With the new plant Singer was able to greatly expand operations in South Bend. The South Bend plant was already a distribution center and this function grew. By 1907, 10,000 sewing machine cabinet sets were manufactured per day. Only part of these were completely finished, many sets were shipped to Scotland “in part white,” that is, unfinished and unassembled. Of the finished sets, half were sent to Elizabeth, New Jersey to have the machines installed and be shipped to the U.S. seaboard, South America, and Asia. Machines were sent from Elizabeth to be installed at South Bend and the completed sewing machine distributed from here. The cabinet work was done on very close tolerances in order to make parts interchangeable, no matter where they were shipped.
The year of 1914 was the peak year for production in South Bend. At that time there were about 3,000 employees working in the Division Street plant. In the early years of the 20th century, about 50 million feet of hardwood lumber for cabinets, 20 million feet of softwood lumber for packing boxes, and 10 million feet of walnut, oak, gum for veneer were used in the South Bend plant per year. This was all stockpiled in the huge 20 acre lumber yards adjoining the factory. David Pollack, a Singer researcher, estimated that three-quarters of all sewing machine cases and cabinets in the world at that time were made in South Bend, with a year output of 2,000,000 cabinets.
After 1914 changes occurred which affected the operation in South Bend. The plants in Germany became self-sustaining and Scotland was getting close to self-sustaining. They could buy European lumber at a better price than the cost of shipping it from the United States. Of course, the plants in Russia were lost as a result of the Russian Revolution. These plants had received many cabinets from the U.S. Within the U.S., it became more economical to dry and rough cut lumber at the Singer plant near Trumann, Arkansas, which was closer to a lumber supply and to apply veneer at the plant in Cairo, IL. All of these developments cut into the work done at South Bend. Stockpiling of lumber ceased in 1933 and the lumber yard employment reduced to zero from a 1913 high of 224 workers. The foundry operation could be more effectively handed in Elizabeth, NJ since the electric machine did not need cast treadles and stands any longer. The foundry buildings (which use to belong to the Economist Plow Company) were sold in 1937.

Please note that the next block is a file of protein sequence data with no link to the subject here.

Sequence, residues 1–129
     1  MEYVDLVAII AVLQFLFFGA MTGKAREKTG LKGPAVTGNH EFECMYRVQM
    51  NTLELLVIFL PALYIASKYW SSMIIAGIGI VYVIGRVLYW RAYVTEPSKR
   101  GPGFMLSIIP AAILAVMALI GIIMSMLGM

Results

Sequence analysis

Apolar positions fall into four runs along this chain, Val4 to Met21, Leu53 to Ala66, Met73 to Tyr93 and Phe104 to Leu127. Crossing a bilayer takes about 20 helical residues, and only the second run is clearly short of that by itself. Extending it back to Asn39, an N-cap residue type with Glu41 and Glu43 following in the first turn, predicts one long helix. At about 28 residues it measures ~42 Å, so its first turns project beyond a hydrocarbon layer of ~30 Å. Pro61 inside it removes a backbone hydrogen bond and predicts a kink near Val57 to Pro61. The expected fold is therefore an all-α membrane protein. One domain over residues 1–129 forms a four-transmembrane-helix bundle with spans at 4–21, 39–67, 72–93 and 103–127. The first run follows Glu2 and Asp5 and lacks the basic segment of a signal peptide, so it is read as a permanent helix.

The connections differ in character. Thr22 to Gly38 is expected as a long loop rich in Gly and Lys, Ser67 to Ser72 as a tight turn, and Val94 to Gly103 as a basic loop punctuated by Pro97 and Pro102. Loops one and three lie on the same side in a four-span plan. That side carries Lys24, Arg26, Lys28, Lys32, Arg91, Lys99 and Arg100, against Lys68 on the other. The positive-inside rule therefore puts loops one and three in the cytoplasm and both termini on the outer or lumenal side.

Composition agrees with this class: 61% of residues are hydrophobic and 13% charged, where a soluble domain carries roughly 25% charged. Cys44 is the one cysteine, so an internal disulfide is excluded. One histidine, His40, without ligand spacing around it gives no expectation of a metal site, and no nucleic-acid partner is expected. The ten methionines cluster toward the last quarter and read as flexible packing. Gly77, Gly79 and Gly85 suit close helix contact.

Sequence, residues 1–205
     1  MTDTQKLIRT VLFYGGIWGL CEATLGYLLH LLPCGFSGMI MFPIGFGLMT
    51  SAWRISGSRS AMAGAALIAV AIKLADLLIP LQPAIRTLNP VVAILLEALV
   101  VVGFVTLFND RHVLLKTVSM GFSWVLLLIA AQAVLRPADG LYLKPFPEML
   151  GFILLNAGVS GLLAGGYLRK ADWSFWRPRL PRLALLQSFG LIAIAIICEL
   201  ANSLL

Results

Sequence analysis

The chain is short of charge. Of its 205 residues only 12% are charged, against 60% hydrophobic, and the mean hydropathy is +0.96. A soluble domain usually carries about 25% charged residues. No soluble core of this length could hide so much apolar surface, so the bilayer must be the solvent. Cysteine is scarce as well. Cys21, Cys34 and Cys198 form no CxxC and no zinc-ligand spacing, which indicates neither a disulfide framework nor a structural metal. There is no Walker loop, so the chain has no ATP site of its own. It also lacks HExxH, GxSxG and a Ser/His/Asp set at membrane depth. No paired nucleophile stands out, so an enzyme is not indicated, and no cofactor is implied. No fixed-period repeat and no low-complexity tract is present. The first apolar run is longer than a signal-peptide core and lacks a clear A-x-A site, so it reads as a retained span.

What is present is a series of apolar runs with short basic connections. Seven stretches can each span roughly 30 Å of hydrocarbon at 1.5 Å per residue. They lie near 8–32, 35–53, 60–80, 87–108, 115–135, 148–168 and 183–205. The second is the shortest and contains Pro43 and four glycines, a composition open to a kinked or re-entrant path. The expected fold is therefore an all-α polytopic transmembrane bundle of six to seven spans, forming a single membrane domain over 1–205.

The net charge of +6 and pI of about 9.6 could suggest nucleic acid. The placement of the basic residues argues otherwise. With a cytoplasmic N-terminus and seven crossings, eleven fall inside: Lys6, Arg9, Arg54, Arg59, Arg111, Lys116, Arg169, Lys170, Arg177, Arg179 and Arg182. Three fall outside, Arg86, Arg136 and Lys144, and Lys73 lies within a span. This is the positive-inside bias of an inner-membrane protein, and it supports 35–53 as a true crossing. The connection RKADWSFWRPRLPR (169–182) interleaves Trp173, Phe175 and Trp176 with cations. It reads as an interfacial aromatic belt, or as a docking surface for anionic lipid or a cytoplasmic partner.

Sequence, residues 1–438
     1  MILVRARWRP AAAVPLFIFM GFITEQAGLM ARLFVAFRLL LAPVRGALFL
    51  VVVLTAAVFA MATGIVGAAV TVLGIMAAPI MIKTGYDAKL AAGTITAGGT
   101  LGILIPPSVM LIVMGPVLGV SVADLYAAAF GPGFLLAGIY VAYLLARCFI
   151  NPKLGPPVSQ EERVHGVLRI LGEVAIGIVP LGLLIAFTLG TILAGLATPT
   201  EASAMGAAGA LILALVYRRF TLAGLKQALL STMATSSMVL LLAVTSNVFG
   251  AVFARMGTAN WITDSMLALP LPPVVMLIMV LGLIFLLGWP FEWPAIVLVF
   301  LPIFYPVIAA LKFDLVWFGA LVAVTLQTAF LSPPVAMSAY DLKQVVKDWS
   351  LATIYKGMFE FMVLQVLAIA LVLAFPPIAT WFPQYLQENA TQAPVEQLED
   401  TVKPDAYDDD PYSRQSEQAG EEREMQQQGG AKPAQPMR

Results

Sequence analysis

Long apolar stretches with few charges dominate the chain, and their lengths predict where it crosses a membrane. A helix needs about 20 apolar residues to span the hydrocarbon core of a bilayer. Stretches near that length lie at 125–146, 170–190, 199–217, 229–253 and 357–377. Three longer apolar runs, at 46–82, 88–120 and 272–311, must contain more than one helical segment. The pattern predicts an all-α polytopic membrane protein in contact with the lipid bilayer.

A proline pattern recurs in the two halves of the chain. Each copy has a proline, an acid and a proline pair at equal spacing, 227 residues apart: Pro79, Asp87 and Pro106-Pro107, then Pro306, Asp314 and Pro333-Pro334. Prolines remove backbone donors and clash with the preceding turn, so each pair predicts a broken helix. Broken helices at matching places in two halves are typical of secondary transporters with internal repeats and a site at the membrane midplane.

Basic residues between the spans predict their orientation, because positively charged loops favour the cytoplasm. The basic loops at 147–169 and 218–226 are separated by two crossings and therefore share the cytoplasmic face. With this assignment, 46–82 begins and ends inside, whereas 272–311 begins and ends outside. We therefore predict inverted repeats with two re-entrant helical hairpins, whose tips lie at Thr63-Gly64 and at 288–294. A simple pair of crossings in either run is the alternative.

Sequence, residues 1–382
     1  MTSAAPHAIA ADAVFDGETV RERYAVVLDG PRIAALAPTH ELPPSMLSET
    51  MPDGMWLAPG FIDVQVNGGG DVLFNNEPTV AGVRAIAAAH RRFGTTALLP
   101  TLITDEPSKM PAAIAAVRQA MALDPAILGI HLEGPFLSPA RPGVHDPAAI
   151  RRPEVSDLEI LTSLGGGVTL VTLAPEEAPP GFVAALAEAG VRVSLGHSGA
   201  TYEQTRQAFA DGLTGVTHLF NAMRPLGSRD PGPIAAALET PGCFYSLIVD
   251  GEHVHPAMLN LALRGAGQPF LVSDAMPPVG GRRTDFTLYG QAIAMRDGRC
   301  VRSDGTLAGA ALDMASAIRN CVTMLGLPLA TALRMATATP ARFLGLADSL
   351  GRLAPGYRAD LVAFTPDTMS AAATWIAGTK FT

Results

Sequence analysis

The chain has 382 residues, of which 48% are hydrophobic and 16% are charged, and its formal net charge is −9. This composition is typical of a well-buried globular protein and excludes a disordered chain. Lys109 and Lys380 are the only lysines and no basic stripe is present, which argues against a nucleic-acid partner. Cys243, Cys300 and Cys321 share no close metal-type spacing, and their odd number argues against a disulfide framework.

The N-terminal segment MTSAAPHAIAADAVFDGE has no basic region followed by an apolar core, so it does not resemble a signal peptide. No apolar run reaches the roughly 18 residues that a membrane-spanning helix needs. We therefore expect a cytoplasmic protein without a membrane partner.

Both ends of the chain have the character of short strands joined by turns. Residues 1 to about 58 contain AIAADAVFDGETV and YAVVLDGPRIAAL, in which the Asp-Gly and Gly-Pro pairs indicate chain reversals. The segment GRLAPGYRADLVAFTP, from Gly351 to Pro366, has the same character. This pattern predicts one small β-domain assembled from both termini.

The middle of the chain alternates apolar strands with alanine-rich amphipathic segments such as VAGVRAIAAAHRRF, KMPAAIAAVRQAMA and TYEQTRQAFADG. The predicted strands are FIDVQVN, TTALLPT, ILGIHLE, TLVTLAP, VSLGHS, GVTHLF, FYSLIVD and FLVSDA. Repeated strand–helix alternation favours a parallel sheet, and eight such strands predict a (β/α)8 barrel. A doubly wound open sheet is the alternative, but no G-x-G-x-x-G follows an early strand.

The Depression years were not good for Singer in South Bend (nor anywhere). In 1932 there were 650 employees, and most of these employees worked a 16 hour a week schedule. There was some growth after this, but it seems that throughout the 1930s there were only around 800 or 900 employees. They were mostly on a 40 hour work week in the later years. In 1938 the factory was unionized and Local 917 of the United Electrical Radio & Machine workers were established. By the beginning of World War II there were 1,200 employees.
There seems to have been only two strikes at the Singer factory. The first one was in 1902 where there was a controversy over who should name the assistant plant manager. In 1939, the newly unionized employees started a strike at the plant over the hiring practices by the company. The employees wanted laid off workers hired back into new positions rather than new people. This strike started on April 11, 1939, because a 19 year old girl with no previous experience had been hired. The strike continued until May when the workers returned to work, the girl was re-hired and the strike was resumed after one day of working. The strike was finally called off July 23, 1939. This time the controversial girl was not re-hired, but apparently none of the other issues were resolved. At this time the 800 production workers were working a 3-day work week.
The Singer company in South Bend had problems with conversion to wartime production during World War II sincere there was not a great demand for wood products for defense. The main products from the plant were wooden packing crates for guns and other material and plywood sub-assemblies for planes and gliders. Such products as gun stocks and wooden propellers were rejected as inappropriate. There were fewer workers at the South Bend plant than before the war and those that were employed were not using the peak of their skills.
In July 1945 Singer was given permission to return to domestic production on a limited basis. There were 500 employees left at the plant because of the lack of war work available and suitable for the cabinet works. Management expected this number to rise to about 1,300 with the resumption of civilian work. The main problem in conversion back to civilian production was the lack of raw material available to the South Bend plant.
After World War II, it seems that things never really got back to normal at the South Bend plant. A strike at the New Jersey plant in 1949 cut off the supply of sewing machine heads and so reduced the need for cabinets made in South Bend. Many workers were laid off. In April 1954 the closing of the South Bend plant was announced. The reason given was to consolidate the cabinet work at plants nearer to the lumber supply. This had, of course, been under way since 1914. The 90-day shutdown process began in January 1955.
Today there is only one building remaining on the Western Avenue Singer plant. It is currently known as the Mary Crest Building.